Examines the historical experience of Asian immigrants and how they developed into "Asian-Americans." Addresses the problem of the essentialization of Asian-Americans and instead seeks to show the complexities and conflict involved in the image or construction of Asian-Americans. Deconstructs notions of race, ethnicity and discrimination and uses other categories of analysis, such as gender and class, to understand the historical experience of Asian-Americans. Code 1. RE.
General Education Attributes:
DIV Diversity
Typically Offered:
Spring Term every other Year
HIST 324First Nations Wisconsin History3.00
History of the native peoples of Wisconsin from prehistoric times to the present. Major emphasis on the six federally recognized tribes in Wisconsin. Cross-listed as FNS/HIST 324. Code 1.
General Education Attributes:
DIV Diversity
HIST 393Topics in Modern Southeast Asia3.00
This course focuses on one or two major themes in Southeast Asian history through both a regional lens as well as through national histories of Burma/Myanmar, the Philippines, Indonesia, Thailand, Malaysia, Singapore, Cambodia and Vietnam. Some of the theses include European colonization and the indigenous response; the shaping of a modern colonial plural society; the effects of economic transformation; anti-colonialism and nationalism, decolonization, the Cold War and nation-building; race and racism; the history of marginalized and everyday groups; women and gender in the construction of social and political identities; and so on. Code 5; Asian History.
General Education Attributes:
DIV Diversity
Typically Offered:
Fall Term Every Other Year
HIST 403African Voices on Gender3.00
Seminar-style reading class with autobiography, history, anthropology and fiction about gender issues in Africa. Topics vary from year to year and may include the legacy of slavery and race prejudice, health and gender, the impact of colonialism, environmental causes, African gender identities, the impact of war, and women as peacemakers. Cross-listed as HIST/WST 403. Code 3, G.
General Education Attributes:
DIV Diversity
Typically Offered:
Spring Term every other Year
HIST 404Arab Voices on Gender3.00
Seminar-style reading class with autobiography, fiction, history and ethnography about gender issues in the Arab World. Topics vary from year to year and may include topics like women and nationalism, progress through education and ideology, the Arab feminist movement, gender identities in Arab societies, gender in Islam. Cross-listed as HIST/WST 404. Code 6, G.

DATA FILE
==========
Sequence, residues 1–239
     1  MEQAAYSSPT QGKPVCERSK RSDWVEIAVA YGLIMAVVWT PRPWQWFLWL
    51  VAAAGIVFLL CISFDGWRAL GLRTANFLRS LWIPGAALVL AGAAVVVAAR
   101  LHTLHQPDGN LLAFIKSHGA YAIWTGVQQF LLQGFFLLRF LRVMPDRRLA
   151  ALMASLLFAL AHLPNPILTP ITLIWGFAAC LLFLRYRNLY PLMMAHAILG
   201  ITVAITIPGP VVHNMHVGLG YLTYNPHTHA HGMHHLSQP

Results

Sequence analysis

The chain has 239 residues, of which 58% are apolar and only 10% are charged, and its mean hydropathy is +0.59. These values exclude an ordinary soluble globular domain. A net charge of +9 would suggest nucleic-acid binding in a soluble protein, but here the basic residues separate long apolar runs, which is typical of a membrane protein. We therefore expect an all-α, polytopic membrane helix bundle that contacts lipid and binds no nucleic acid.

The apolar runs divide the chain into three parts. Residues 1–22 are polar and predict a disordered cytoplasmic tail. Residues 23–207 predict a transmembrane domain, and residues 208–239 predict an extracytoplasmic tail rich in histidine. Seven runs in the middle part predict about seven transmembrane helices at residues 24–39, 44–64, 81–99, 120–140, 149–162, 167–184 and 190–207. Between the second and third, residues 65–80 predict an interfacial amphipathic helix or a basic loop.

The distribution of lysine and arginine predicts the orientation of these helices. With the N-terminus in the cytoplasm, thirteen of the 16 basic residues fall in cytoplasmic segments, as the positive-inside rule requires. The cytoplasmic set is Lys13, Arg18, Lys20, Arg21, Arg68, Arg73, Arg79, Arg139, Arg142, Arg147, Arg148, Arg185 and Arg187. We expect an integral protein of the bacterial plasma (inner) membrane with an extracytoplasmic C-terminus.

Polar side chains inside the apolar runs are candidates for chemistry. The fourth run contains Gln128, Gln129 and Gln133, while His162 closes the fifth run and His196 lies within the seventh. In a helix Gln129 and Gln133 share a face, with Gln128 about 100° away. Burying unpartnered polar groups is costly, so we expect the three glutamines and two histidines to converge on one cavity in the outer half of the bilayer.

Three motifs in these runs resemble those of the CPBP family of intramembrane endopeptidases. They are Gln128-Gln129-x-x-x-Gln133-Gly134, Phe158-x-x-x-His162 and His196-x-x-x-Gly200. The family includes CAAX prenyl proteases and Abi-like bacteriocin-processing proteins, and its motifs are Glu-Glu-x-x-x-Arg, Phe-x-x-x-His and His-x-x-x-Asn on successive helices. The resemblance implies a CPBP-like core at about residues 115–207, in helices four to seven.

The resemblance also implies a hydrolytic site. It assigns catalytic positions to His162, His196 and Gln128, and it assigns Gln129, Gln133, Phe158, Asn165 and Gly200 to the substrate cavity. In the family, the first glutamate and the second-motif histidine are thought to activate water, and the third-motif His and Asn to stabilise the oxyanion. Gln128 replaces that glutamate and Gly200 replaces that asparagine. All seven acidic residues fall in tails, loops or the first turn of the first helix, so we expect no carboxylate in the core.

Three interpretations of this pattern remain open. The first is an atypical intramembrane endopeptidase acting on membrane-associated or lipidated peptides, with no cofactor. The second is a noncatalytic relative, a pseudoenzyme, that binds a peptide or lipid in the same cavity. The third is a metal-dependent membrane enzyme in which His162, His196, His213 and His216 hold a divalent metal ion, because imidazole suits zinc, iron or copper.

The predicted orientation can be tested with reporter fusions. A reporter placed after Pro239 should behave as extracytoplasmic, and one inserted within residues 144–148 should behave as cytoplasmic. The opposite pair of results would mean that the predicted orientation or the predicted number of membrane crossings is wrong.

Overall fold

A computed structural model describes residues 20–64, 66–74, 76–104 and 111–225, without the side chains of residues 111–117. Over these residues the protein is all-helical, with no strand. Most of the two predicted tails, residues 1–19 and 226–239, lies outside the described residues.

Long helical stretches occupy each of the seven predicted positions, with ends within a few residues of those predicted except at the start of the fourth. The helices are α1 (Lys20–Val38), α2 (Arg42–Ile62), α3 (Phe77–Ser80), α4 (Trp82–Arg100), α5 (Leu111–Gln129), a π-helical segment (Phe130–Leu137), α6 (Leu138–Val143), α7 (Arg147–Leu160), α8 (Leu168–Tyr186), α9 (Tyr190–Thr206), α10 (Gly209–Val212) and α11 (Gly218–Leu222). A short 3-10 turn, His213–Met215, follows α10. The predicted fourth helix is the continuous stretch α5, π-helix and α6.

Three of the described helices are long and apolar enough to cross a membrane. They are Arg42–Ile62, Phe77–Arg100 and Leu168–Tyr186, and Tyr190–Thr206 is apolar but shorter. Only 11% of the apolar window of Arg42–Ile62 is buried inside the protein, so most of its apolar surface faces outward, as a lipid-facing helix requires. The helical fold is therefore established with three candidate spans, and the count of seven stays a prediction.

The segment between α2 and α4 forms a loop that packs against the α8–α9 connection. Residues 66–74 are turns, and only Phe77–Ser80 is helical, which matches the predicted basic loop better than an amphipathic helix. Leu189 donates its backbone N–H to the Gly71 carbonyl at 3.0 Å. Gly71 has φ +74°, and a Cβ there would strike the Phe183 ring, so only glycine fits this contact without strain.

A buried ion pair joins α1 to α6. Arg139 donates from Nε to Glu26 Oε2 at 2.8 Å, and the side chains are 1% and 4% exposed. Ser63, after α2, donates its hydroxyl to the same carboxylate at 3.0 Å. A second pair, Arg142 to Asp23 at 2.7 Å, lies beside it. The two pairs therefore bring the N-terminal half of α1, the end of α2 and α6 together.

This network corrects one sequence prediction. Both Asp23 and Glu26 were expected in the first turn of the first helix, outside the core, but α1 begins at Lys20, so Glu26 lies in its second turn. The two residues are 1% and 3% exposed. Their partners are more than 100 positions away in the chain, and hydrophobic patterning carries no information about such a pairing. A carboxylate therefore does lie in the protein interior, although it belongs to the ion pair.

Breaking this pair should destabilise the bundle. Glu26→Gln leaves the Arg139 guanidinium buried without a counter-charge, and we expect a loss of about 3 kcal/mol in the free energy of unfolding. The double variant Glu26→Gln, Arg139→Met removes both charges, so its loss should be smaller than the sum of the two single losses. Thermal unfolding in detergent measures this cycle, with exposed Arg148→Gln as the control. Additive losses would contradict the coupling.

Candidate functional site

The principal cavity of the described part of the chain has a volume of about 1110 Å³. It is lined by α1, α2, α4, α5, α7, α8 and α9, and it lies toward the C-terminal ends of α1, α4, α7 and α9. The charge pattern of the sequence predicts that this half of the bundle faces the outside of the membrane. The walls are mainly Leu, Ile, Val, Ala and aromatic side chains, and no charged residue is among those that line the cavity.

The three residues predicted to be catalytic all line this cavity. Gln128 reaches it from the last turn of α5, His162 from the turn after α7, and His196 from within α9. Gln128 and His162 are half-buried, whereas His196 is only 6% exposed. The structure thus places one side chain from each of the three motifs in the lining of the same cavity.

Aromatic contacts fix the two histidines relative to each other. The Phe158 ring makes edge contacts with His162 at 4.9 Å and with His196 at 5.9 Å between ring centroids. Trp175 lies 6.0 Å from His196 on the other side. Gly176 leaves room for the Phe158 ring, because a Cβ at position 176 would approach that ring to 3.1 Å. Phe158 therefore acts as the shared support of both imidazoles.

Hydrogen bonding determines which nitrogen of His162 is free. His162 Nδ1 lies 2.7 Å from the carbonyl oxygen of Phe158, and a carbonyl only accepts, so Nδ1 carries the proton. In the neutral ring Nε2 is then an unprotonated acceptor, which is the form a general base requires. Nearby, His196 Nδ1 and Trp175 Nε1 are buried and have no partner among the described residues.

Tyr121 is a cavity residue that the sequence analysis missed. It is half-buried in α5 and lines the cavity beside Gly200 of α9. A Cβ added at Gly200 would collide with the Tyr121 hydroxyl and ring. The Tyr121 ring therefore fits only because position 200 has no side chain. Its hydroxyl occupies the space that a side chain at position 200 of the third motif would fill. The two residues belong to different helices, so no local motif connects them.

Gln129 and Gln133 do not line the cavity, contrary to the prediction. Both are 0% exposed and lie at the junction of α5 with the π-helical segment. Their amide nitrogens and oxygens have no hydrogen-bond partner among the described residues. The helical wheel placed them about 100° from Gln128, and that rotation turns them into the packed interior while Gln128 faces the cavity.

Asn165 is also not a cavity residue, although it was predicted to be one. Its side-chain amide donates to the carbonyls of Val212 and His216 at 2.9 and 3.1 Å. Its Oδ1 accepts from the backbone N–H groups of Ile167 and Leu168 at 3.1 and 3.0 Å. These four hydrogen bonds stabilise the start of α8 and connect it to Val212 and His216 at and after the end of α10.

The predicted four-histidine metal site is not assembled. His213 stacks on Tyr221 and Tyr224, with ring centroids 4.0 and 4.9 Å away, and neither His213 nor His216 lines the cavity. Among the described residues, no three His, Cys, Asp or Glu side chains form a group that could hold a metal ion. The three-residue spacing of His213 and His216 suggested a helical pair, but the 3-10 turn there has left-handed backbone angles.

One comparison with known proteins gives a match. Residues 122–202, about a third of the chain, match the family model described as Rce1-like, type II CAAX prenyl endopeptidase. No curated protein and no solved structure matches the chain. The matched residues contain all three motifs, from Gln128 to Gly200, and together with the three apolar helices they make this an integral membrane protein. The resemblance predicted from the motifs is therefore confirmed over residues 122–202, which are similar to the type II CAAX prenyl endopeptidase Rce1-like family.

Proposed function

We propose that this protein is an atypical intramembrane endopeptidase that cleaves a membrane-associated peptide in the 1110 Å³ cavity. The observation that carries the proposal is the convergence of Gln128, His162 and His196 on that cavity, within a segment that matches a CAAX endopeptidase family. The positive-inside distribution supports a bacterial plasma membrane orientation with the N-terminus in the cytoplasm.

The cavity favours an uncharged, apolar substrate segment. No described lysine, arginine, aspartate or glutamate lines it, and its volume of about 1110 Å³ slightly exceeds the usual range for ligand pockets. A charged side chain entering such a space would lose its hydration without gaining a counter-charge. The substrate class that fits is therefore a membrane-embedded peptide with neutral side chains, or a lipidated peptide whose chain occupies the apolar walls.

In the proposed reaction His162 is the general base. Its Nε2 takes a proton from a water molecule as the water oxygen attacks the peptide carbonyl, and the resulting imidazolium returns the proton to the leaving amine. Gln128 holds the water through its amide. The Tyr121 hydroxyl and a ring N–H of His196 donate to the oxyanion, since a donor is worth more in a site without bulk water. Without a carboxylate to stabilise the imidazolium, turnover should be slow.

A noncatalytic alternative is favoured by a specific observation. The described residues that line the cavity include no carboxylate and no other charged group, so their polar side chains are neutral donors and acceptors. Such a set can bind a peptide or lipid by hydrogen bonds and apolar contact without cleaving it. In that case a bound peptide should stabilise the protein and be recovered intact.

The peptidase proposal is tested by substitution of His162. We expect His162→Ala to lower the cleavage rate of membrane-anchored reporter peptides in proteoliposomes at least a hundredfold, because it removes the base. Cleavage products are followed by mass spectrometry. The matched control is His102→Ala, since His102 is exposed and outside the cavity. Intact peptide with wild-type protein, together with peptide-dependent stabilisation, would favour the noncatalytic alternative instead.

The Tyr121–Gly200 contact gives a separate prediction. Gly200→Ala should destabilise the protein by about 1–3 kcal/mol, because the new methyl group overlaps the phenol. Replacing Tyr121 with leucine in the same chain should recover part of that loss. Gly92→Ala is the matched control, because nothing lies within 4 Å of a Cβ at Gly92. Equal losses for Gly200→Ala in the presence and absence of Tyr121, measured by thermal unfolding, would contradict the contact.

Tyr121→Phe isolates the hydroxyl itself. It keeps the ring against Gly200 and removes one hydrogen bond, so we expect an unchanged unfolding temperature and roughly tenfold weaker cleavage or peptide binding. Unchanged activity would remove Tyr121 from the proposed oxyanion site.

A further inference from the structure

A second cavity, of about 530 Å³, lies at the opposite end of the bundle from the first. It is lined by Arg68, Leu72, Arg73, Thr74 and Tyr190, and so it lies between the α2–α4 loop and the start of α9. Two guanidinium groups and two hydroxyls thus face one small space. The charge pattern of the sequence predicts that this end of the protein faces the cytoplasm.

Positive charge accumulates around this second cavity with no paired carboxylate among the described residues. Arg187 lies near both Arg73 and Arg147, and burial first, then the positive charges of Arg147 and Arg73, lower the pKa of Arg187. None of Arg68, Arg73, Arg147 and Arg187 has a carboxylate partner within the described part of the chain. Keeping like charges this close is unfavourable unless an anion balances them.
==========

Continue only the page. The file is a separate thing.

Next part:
General Education Attributes:
DIV Diversity
Typically Offered:
Spring Term every other Year
HIST 406Construction of Gender in East Asia3.00
Advanced seminar course examining the construction of gender in East/Southeast Asia. The construction of gender is placed into a historical context of East Asia, with emphasis on how the nation-state, the family, and war/imperialism affected gender roles and norms. Although primarily focused on the modern period, the course examines the pre-modern context as means to assess the continuities and ruptures in gender roles. In addition, the course devotes more time to women's perspectives because women's voices historically have been marginalized; however, the course examines the construction of masculinity. Strong theoretical focus: construction of gender, the ideology of Orientalism, and the relationship of nationalism and gender. Extensive use of feature films and documentaries, primarily from East Asia, that complement the readings, and how to analyze film as a means to understand the construction of gender. Cross-listed as HIST/WST 406.
General Education Attributes:
DIV Diversity
Typically Offered:
Fall Term Every Other Year
HIST 407History of Women and Work in the Pacific Rim3.00
Images of factory girls in sweat shops, under-aged prostitutes, and foreign nannies are prominent in portrayals of East Asia. This course investigates the history behind the how Asian women are racialized through a labor-class nexus, starting in the 19th century and continuing to the present. Some crucial questions will be: How did the state and media transform Asian concepts of gendered ethics to establish a cheap labor pool for emerging industries? How did mechanized wage labor change the status of women as workers? How did laborers mobilize and negotiate for better working and living conditions without unions? What types of subcultures emerged around “factory girl” communities? How did the trafficking of women’s bodies change over time? This course is designed to read East Asian films, history texts and fiction as a means to understand and analyze the past through aesthetic mediums. This course centers on active-dynamic learning such as focused in-class discussion, critical thinking, and analytical essays. Code 5, RE, G. Cross-listed as HIST/WST 407.
General Education Attributes:
DIV Diversity
Typically Offered:
Spring Term every other Year
HIST 460The Holocaust in Modern Memory3.00
The Holocaust, which took place over half a century ago, has never been more present than it is today. From the United States to France to Germany, Poland, Russia and Bosnia, the incantation to “Never Forget!” exercises more power today than ever before; even more than in the immediate aftermath of the war. But why should that be true? Why is it that the memory of this particular event should have such power over generations so far removed in both time and space -- particularly when other episodes of genocidal violence, similar in scale and historical importance, play almost no role in our collective memories and consciousness? In part, this course brings to students a fuller appreciation of just what “the Holocaust” was; to understand precisely what the attempted genocide of European Jews, Roma, Poles, homosexuals, mentally ill, and others involved, and how and why it happened. While investigating those kinds of factual questions, however, the main focus is on the memory of the Holocaust as memory. Why is the Holocaust remembered? What is remembered, and what is forgotten? What are the ways in which the memories of the Holocaust are used by various societies, and how/why do they differ? Much reading and discussion focuses on different ways in which facts and memories of the Holocaust are used to draw meanings -- about Germany, about Jews, about mankind, about history -- and how those types of decisions can have profound consequences for the way a given society or group behaves and feels in the present. Code 2, RE.